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5 Strategies for Active Listening in Your Training Sessions

Posted by Dawn Lang on 11/6/17 8:00 AM
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Active listening is defined as a communication technique that requires the listener to fully concentrate, understand, respond, and then remember what is being said. Sounds like a critical trainer skill. Yet, we are rarely trained to listen actively. It takes a lot of effort to implement all aspects of active listening, but the benefits are great.


Improves Communication

When both parties are engaged in active listening, we all feel we are being listened to and understood. Both are key in effective communication.


Builds Trust and Shows Respect

When we actively listen to our participants, the trust will elicit rapport and openness in our training sessions. Bryant H. McGill, well-known human performance author, is quoted as saying, "One of the most sincere forms of respect is actually listening to what another has to say."


Reduces Misunderstandings

Concentrating on what is truly being said allows us to fully understand the other person’s point of view. Even if you don’t see eye-to-eye, active listening allows you to appreciate the perspectives of others while also avoiding misconceptions.


Do these benefits match up with your goals as a trainer? As I’m sure they do, here are five active listening strategies you can implement to improve your delivery:

1. Pay attention, listen with intent, and don’t get distracted. Stay quiet and encourage the person to talk. Use non-verbal cues such as nodding, smiling, and maintaining eye contact. These cues will let the person know you are listening. Make a conscious effort to stay focused on the speaker. Don’t allow noises, other participants, or your own thoughts distract you.

2. Avoid sending non-verbal cues that communicate inattentiveness, disinterest, or lack of understanding. In other words, keep your feelings and attitudes in check. Show understanding and acceptance with your tone of voice, facial expressions, gestures, posture, and eye contact. Fidgeting and closed body language will give the impression you are not truly engaged.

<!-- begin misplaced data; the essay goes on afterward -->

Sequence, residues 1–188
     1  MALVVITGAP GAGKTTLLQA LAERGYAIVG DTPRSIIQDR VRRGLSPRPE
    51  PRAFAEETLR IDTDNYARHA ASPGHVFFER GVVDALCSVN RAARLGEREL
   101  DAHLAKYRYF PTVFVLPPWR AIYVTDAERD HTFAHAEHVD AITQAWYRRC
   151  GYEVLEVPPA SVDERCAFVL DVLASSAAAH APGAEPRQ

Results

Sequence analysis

3. Listen before you plan your response. As Stephen R. Covey stated, "Most people do not listen with the intent to understand; they listen with the intent to reply." Fully listening before planning your response may be the most critical step towards your success as an active listener. Stay focused on understanding and remembering what the speaker is communicating.

4. Ask questions to clarify and convey interest. When you do reply, reflect on what you heard and ask for clarification by using open-ended, probing, or other relevant questions. For example, ask, “Can you tell me more about what you mean by…?” or “Can you explain why that’s important?” Be empathetic to the speaker and avoid bringing up similar feelings or experiences of your own.

5. Don’t interrupt the speaker. Give the speaker time to communicate his or her ideas and thoughts. Repeat back what the speaker said or paraphrase for clarification, but not until he/she pauses. Also, don’t interrupt and try to finish the speaker’s sentences.


It’s easy to get into the habit of listening passively. Reflect on each of the strategies listed above after each training session to ensure you are listening actively to your participants. Make a conscious effort to listen, understand the complete message of each participant, and make a relevant response.


Active listening has really paid off for me as a trainer and I hope these tips will elevate your success as well! What other tips or techniques do you have in your trainer toolbox to improve your active listening skills?


If you’re interested in more instructional techniques, enroll in Langevin’s 3-day workshop, Instructional Techniques for New Instructors.

Tips for Success in the Virtual Classroom

Dawn has been a course leader with Langevin since 2015. She completed a Bachelor of Science degree in Elementary Education at Kansas State University, followed by a Master’s in Information and Learning Technologies/Instructional Design from the University of Colorado Denver. Her passion for teaching started in third grade and she’s never looked back! As an educator, technology trainer, instructional designer, and facilitator of virtual training, she’s had the opportunity to work with a variety of stakeholders in all different contexts to support their learning and application of skills and knowledge. As a trainer, Dawn strives to inspire and empower people to reach their full potential. Consistently incorporating fun and laughter, building connections, and respecting others are important components she utilizes as a trainer. She enjoys spending time with her family, playing tennis, biking, being in the mountains, as well as reading at the pool or the beach!

Tags: instructional techniques

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Our very own world-class course leaders share their experiences, tips, best practices, and expertise on virtual training, instructional design, needs analysis, e-learning, delivery, evaluation, presentation skills, facilitation, and much more!

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